Obama made a rare public appearance to deliver a biting critique of Trump’s worldview — without saying his name

Obama made a rare public appearance to deliver a biting critique of Trump’s worldview — without saying his name

President Barack Obama delivered a speech in honor of Nelson Mandela’s 100th birthday in South Africa on Tuesday.

Siphiwe Sibeko/Reuters

Former President Barack Obama on Tuesday offered a sharp rebuke of his successor’s worldview as he delivered the 2018 Nelson Mandela Annual Lecture in South Africa, slamming „strongman politics” and the rejection of intellectualism he feels is permeating today’s political culture.

Obama did not once say President Donald Trump’s name during the address, held one day before what would’ve been Mandela’s 100th birthday. But his target was clear as he offered a biting critique of the current president’s political philosophy.

The former president used the speech as an opportunity to outline what he views as troubling trends in the political arena.

„Strongman politics are ascendant suddenly,” Obama said. „Whereby elections and some pretense of democracy are maintained, the form of it. But those in power seek to undermine every institution or norm that gives democracy meaning.”

‚The free press is under attack’

As Trump on Tuesday again used Twitter to denounce „Fake News,” a phrase he typically employs in response to negative coverage of his actions or rhetoric, Obama said that „the free press is under attack.”

Obama also urged people to reject xenophobia and „rabid nationalism,” warning that history shows countries that embrace „doctrines of tribal, racial, or religious superiority” eventually „find themselves consumed by civil war or external war.”

„You can be proud of your heritage without denigrating those of a different heritage,” Obama added.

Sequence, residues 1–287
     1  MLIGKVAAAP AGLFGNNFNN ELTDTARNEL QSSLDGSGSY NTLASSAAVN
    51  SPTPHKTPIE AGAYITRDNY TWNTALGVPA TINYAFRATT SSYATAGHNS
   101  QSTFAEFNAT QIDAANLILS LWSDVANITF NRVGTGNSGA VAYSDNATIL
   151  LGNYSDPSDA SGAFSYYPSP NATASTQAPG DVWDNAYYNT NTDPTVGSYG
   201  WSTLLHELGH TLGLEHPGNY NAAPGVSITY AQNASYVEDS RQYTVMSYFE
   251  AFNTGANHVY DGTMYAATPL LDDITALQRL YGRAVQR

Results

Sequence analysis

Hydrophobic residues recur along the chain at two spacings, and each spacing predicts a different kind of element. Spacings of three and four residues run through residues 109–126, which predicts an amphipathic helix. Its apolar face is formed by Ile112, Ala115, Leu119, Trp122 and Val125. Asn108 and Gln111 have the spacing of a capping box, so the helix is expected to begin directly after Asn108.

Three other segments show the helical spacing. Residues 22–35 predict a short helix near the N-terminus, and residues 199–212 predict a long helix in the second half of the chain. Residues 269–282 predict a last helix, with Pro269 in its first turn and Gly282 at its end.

Obama’s speech came after Trump’s high-profile visit to Europe, which Trump claimed was losing its „culture” because of immigration policies.

„These people who are so intent on putting people down and puffing themselves up, they’re small-hearted,” Obama said. „There’s something they’re just afraid of.”

‚You have to believe in facts’

In addition to warning against the dangers of excessive nationalism, the former president expressed concern over the apparent rejection of objective truth among leaders.

„You have to believe in facts. Without facts, there’s no basis for cooperation,” Obama said, adding: „Unfortunately, too much of politics today seems to reject the very concept of objective truth. People just make stuff up.”

An analysis from The Washington Post in May found that Trump had made at least 3,001 false or misleading claims so far as president.

Obama concluded his speech by encouraging young people to stay politically active and to have faith in democracy despite how „slow” and „frustrating” it can be at times.

„Keep believing. Keep marching. Keep building. Keep raising your voice. Every generation has the opportunity to remake the world,” Obama said. „Mandela said, ‚Young people are capable, when aroused, of bringing down the towers of oppression and raising the banners of freedom.’ Now is a good time to be aroused.”

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